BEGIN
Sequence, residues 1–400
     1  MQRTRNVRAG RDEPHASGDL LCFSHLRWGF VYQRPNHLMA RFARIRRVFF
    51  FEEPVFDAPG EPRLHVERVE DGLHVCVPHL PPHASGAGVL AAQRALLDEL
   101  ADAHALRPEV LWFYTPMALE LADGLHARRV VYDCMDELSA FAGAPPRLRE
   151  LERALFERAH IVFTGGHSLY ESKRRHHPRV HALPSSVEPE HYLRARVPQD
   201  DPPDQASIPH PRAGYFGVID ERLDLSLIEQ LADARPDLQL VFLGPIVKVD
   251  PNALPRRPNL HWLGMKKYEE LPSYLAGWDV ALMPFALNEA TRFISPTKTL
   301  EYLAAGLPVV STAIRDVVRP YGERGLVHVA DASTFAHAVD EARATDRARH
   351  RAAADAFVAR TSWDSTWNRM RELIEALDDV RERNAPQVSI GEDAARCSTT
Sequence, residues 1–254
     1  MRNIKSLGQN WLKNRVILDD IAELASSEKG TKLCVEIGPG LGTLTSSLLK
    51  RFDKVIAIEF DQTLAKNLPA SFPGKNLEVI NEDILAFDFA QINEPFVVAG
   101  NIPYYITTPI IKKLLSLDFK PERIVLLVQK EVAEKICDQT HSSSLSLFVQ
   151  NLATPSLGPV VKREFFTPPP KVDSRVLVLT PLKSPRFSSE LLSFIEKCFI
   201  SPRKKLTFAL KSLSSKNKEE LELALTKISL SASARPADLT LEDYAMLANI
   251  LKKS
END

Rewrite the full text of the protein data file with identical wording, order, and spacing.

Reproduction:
Sequence, residues 1–400
     1  MQRTRNVRAG RDEPHASGDL LCFSHLRWGF VYQRPNHLMA RFARIRRVFF
    51  FEEPVFDAPG EPRLHVERVE DGLHVCVPHL PPHASGAGVL AAQRALLDEL
   101  ADAHALRPEV LWFYTPMALE LADGLHARRV VYDCMDELSA FAGAPPRLRE
   151  LERALFERAH IVFTGGHSLY ESKRRHHPRV HALPSSVEPE HYLRARVPQD
   201  DPPDQASIPH PRAGYFGVID ERLDLSLIEQ LADARPDLQL VFLGPIVKVD
   251  PNALPRRPNL HWLGMKKYEE LPSYLAGWDV ALMPFALNEA TRFISPTKTL
   301  EYLAAGLPVV STAIRDVVRP YGERGLVHVA DASTFAHAVD EARATDRARH
   351  RAAADAFVAR TSWDSTWNRM RELIEALDDV RERNAPQVSI GEDAARCSTT
Sequence, residues 1–254
     1  MRNIKSLGQN WLKNRVILDD IAELASSEKG TKLCVEIGPG LGTLTSSLLK
    51  RFDKVIAIEF DQTLAKNLPA SFPGKNLEVI NEDILAFDFA QINEPFVVAG
   101  NIPYYITTPI IKKLLSLDFK PERIVLLVQK EVAEKICDQT HSSSLSLFVQ
   151  NLATPSLGPV VKREFFTPPP KVDSRVLVLT PLKSPRFSSE LLSFIEKCFI
   201  SPRKKLTFAL KSLSSKNKEE LELALTKISL SASARPADLT LEDYAMLANI
   251  LKKS